Getting Better At Listening By Going Overboard

better listening

A fool takes no pleasure in understanding, but only in expressing his opinion (Proverbs 18:2)

“Just as love to God begins with listening to his Word, so the beginning of love for the brethren is learning to listen to them” (Bonhoeffer)

The Problem

It’s become a major objective of mine to become actively intentional about everything that I do; everything that is of importance and priority in my life. 

I’ve been working through a helpful book in order to improve my conversational skills and have come to understand that one of the most important characteristics of any conversation is listening, a practice that I am actually horrible at. 

In fact, I am one of those dreaded people who is thinking of what to say next the whole time the other person is talking instead of listening intently at what is being said. This is a distraction for both parties. It communicates to the other person that I am not concerned about what they are saying and it keeps me from understanding them in order to create a more meaningful conversation. 

The Plan

So I took some time to consider why this is and why, even if I set off in the morning with the goal of being a better listener, I at some point lose focus and forget it. Considering this, and considering my disposition, I concluded that the only way to succeed at this is to go overboard. 

Sometimes we have to plan to overdo things in order to ensure they at least get done.

So what was the conclusion? This:

To become a better listener by entering into or starting every conversation with the exclusive intention of listening.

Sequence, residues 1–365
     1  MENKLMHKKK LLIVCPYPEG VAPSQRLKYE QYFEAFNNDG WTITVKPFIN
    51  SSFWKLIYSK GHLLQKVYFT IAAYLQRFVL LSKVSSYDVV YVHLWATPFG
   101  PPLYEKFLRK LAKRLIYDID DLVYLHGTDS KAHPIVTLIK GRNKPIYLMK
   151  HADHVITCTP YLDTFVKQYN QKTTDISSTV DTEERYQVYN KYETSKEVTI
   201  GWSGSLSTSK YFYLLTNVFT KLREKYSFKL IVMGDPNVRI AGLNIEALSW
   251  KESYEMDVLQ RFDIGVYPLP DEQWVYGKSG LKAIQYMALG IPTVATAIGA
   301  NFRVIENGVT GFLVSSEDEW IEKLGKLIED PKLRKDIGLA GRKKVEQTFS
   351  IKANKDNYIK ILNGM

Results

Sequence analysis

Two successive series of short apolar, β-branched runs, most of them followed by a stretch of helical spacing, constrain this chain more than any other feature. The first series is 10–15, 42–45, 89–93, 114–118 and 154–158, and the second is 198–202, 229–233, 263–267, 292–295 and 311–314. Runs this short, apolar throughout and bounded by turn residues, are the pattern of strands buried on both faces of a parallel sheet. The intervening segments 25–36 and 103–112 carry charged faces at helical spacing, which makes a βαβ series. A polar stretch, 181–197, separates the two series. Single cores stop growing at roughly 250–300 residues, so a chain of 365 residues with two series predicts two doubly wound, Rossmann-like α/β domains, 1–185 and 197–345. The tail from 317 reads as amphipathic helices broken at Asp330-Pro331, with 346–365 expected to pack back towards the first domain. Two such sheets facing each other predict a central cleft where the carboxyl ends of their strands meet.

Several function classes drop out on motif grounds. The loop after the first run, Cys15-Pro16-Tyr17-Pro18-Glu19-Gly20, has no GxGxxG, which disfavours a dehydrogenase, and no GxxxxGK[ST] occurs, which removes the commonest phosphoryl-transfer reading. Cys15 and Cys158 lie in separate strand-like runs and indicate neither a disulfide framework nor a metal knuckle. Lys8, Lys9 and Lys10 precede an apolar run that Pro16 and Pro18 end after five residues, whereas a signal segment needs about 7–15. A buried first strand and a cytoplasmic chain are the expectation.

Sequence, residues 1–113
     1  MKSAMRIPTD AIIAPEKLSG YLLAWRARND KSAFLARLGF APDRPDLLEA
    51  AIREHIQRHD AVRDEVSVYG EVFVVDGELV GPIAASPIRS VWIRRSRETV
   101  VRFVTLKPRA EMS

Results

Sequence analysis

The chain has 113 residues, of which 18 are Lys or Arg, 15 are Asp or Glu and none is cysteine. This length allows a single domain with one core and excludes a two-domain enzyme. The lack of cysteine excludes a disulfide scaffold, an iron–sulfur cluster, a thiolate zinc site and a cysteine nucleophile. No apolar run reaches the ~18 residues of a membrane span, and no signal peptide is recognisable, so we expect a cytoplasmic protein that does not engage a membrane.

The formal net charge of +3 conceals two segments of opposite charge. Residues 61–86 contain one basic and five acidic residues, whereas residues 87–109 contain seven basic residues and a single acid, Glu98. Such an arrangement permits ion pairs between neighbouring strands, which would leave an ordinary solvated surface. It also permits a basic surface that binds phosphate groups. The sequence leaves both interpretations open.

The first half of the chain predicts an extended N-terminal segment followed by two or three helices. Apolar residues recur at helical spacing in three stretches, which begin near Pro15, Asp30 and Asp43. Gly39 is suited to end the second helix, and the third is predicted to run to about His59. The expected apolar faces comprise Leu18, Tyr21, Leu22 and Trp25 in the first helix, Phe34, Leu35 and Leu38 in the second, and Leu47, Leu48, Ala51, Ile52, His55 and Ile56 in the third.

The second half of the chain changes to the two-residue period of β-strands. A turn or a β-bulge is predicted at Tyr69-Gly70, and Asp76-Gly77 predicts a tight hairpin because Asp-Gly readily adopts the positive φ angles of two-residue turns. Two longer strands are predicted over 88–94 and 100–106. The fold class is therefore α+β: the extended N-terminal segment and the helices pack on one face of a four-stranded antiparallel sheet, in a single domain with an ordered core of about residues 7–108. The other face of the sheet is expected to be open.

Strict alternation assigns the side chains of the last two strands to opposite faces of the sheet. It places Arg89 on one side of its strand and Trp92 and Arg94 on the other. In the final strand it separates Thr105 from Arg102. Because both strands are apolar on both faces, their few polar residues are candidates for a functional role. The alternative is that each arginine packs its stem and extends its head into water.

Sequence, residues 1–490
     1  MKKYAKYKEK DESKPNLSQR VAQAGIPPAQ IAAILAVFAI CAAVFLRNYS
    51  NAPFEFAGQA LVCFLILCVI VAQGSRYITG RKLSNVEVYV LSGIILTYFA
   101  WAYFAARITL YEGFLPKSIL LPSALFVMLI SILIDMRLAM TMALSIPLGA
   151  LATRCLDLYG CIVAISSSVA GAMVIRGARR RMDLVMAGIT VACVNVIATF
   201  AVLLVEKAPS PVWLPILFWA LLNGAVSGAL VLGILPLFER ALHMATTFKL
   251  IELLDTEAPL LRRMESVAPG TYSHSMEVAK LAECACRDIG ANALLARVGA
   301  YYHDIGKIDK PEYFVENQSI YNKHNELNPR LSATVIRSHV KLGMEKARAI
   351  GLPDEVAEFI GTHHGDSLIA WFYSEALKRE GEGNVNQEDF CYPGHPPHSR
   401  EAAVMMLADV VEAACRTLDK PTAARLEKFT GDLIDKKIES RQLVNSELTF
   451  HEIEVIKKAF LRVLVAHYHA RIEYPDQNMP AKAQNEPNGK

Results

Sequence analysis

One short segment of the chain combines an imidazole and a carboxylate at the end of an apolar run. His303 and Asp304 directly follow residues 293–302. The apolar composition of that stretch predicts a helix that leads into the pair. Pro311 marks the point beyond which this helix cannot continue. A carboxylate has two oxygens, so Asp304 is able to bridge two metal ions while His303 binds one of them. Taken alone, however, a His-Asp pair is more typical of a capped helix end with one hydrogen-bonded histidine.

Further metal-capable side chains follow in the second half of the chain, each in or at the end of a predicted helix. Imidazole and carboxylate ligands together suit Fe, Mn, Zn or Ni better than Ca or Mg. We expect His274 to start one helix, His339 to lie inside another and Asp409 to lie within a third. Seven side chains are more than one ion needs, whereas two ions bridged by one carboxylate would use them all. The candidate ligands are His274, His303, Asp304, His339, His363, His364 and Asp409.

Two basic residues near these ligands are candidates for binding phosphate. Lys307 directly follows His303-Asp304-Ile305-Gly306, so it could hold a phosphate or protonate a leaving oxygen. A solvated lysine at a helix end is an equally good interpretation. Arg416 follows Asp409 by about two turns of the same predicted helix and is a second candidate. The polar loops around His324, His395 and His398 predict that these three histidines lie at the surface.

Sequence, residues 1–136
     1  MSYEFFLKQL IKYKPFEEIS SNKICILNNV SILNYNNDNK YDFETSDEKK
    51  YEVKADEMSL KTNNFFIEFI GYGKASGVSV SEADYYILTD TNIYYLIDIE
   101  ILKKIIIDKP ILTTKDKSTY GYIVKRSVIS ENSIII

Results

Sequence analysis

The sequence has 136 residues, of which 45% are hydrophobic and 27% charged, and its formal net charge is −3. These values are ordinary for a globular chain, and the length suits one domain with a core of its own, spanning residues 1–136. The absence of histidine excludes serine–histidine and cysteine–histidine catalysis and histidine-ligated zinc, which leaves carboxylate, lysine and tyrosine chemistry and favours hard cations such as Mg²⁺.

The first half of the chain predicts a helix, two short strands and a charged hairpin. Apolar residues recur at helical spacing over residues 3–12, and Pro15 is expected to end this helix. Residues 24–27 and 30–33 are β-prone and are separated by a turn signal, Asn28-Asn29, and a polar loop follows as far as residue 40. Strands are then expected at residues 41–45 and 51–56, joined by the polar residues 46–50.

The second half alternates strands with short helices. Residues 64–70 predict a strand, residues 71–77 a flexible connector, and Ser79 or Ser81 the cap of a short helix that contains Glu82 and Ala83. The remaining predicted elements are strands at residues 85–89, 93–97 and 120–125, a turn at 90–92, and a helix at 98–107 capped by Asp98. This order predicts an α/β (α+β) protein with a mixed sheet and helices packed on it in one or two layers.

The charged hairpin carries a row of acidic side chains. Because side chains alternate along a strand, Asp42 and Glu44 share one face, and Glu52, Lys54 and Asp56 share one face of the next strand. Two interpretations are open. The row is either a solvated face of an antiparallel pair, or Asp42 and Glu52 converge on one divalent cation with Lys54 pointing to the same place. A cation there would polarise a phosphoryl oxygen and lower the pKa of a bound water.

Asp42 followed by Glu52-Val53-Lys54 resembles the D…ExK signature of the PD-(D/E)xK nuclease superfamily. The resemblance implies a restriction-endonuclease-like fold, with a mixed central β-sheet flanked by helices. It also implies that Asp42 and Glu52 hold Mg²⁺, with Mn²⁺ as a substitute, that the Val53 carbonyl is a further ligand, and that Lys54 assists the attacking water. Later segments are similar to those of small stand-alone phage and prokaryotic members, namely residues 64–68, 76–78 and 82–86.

This will be the primary focus of every interaction. This will be the primary goal of every interaction. In doing so, in going “overboard,” this will assure that it, at a minimum, gets done.

The Three Outcomes

In taking this approach, I hope to ensure three things:

  1. That I am genuinely and thoughtfully listening. I told my wife a while back that I was done with small talk; that I would rather sit in silence then have a meaningless conversation. One way to ensure a meaningful conversation is to listen thoughtfully and attentively to the other person. This allows you to ask meaningful follow up questions directed back at them which discourages small talk. Most importantly this shows that you care about and value that person and what they have to say. 
  2. That I am not talking too much. Many of us have a tendency to always shift the conversation back to ourselves or our own stories or experiences, even when the topic has nothing to do with us. Also, many of us find the need to fill any hint of silence with more small talk. I often do this by adding more useless small talk to fill those gaps. By having the exclusive intention of listening, I can allow for the other person to carry the conversation and limit my own ramblings to what is actually important and relevant. 
  3. That the conversation flows naturally. So this begs the question: When will you get to talk? Well, the answer to this question comes naturally and organically. You talk when you are asked something or when the opportunity presents itself to further the immediate conversation. It ensures that you stay on topic. It ensures further, meaningful dialogue. Nothing is forced.

Conclusion

For many of you, this “overboard” approach is not needed. You are already good at listening or find it easy to be intentional about doing so. However, if this is a weakness of yours, like it is to me, maybe you also need to go overboard to ensure the minimum gets done.

 

How have you become a better listener? How do you remind yourself daily to be intentional about this? Let me know about it in the comments.